Yaxchilán

Soooo… I’m the history buff who is forcing her sister to visit all those horrible ruins and historic places, I am really sorry. As a compromise (or maybe punishment?) I now have to contribute to her blog. And I must say, it is so much easier to just send her the occasional photo, but I will try my best.

Before we made our way to Guatemala, we (well, let’s be honest… I did) decided to visit Yaxchilán, an almost forgotten Mayan city in the middle of the jungle and right next to the Usumacinta River. Well, it’s forgotten in certain parts of the world. The tribe of Lacandón, an indigenous people of this region still travel to Yaxchilán to honour their Mayan gods.

The ruins are only reachable by a 40min boat ride or a private airplane. Being on a budget, we opted for the first one.

My imagination ran wild. We were sure to see jaguars mauling a crocodile or the other way round. I’m fine either way, I might even throw a big snake into the mix. Monkeys would surely steal our cameras and take selfies and all the birds would just stop midflight for the perfect photo opportunity. Well…. no such luck. Though we did see crocodiles, howler monkeys and toucans, they weren’t really interacting with us and at least concerning the first one, I am actually quite glad they didn’t.

The jungle feeling on the other hand delivered. First of all, there are only a few tourists at Yaxchilán, because it is a bit harder to reach and although they have excavated quite a few buildings, most of them are still hidden away under hundred of years of forest growth. The great thing of lesser known Mayan ruins is that you get to play explorer. You can actually climb buildings, go into pyramids, get lost in labyrinths, only being able to find out by fleeing in terror from spooked bats flying out. So, that was pretty awesome. The jungle feeling lost a bit of its charm, when they started to mow the lawn, but hey, just tell yourself it’s a jaguar growling at you from the underwood.

Yaxchilán is famous for its hundreds of inscription filled sculptures. Apparently. But almost none of them are still at their original location. One didn’t make it to Mexico City, although they really tried very hard to. It is now described as followed at the site: „Following a failed attempt to take it to Mexico City […] and yet more misadventures on the Usumacinta River, it was returned“.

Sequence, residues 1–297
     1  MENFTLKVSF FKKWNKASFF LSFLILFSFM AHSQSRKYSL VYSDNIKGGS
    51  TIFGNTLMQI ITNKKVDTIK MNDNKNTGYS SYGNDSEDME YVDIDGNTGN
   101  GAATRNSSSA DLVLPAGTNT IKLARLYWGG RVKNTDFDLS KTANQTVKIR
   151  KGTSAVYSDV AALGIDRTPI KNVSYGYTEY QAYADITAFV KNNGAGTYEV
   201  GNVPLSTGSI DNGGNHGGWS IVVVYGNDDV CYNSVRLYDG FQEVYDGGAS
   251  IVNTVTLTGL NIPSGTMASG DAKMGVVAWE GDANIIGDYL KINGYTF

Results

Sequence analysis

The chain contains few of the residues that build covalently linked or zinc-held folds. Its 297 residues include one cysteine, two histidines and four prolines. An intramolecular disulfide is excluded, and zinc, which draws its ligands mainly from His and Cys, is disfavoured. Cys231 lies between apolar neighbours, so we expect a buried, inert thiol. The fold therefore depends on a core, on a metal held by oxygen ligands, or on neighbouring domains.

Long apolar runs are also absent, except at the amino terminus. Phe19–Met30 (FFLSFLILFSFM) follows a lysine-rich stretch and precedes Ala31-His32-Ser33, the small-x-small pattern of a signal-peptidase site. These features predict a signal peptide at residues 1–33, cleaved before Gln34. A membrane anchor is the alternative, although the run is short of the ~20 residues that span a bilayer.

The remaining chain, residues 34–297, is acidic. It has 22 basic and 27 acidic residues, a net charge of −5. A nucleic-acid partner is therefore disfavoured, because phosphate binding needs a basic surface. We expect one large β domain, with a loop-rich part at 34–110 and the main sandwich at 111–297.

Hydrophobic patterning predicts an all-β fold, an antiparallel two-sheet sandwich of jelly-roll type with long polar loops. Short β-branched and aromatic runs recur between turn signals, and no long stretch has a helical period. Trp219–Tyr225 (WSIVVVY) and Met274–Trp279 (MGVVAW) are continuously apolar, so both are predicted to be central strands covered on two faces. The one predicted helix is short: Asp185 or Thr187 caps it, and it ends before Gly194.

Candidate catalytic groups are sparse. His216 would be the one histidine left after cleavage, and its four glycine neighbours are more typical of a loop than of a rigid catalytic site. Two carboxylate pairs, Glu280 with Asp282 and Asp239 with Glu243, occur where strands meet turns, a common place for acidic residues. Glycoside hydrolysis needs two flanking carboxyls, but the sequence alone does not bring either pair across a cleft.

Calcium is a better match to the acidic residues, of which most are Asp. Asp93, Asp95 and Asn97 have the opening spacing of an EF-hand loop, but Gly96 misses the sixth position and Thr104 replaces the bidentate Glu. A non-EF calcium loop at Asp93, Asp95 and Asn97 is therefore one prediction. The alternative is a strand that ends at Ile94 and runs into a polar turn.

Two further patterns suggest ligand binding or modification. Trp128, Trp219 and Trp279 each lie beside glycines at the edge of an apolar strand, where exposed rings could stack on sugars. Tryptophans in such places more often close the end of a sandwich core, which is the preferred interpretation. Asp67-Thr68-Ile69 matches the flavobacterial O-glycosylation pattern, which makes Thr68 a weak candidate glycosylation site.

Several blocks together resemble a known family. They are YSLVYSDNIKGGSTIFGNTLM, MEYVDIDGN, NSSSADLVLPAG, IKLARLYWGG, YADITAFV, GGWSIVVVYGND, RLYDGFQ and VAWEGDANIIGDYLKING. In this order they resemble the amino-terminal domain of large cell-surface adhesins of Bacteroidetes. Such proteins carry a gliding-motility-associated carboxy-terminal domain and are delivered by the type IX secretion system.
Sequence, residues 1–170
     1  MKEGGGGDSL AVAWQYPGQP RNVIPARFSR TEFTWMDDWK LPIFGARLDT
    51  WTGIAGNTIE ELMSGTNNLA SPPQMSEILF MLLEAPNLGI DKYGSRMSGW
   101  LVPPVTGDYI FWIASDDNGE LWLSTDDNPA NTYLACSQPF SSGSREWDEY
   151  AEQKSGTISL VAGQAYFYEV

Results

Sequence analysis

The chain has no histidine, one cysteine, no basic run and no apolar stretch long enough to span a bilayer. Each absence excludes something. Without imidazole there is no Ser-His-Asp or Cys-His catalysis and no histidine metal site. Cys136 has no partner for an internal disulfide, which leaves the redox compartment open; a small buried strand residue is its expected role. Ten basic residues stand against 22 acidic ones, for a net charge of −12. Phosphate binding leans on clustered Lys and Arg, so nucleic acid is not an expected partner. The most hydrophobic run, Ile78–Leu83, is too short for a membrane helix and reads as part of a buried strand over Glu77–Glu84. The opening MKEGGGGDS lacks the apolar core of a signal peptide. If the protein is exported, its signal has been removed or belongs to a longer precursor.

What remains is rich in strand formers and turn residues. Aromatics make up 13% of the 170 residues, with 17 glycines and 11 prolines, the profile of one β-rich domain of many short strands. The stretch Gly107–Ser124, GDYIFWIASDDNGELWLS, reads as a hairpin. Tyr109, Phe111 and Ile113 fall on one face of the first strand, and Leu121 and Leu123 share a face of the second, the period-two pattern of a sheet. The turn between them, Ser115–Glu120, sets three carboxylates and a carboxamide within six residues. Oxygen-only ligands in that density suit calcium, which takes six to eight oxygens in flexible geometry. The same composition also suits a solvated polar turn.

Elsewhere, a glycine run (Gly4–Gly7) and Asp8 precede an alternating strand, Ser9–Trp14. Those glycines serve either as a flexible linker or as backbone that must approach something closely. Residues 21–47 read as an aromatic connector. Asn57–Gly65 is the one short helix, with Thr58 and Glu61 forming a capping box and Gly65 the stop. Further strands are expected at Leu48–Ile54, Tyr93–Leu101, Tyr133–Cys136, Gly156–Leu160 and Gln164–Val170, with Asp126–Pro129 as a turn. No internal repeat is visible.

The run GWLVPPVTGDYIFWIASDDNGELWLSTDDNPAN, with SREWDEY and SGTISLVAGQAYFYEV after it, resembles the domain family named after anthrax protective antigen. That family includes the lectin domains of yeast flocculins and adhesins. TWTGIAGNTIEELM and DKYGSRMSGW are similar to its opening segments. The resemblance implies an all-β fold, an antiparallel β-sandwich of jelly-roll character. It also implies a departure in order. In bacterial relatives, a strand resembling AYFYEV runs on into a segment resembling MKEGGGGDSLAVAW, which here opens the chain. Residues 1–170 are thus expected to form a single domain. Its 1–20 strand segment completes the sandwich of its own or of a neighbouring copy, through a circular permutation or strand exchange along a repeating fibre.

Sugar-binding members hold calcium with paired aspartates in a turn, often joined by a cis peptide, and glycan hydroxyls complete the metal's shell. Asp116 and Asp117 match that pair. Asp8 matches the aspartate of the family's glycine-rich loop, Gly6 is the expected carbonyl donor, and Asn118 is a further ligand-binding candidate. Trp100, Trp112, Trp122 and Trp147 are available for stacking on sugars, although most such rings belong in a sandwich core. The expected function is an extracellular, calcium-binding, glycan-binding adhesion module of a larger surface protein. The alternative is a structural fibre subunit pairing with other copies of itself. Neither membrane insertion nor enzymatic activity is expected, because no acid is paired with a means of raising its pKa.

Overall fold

We had a few hours in the ruins and I would definitely recommend bringing a flashlight to discover hidden pathways and keep clear of giant spiders. We started with the little acropolis high upon a „mountain“, originally sporting a great view of the Great Plaza over a thousand years ago. Apparently Mayan acropoli never have to do with temples or religion, but are rather living quarters of the higher class. They are built above the rest of the town and since Mayans didn’t have horses or the wheel, we suspect that the nobles were carried up there in handheld palanquins, but we could only confirm that for a few of the kings in other cities. Unaware that the small Acropolis is linked to the great Acropolis, we went back down to the great Plaza, which is reached either boringly on top of or more excitingly through a maze of underground dark passages. And up, up, up we go to the great Acropolis, a huge building with an impressive roofcomb whose purpose we still haven’t found out.

My sister decided she didn’t get enough sun the last few weeks and went on to the temple of the sun further up the hill. I took advantage of the spare time and turned my eye to the tree tops and saw some easily identifiable toucans and some other birds.

Back on the boat we headed for Bonampak, a totally different experience, Mayan- and touristwise.

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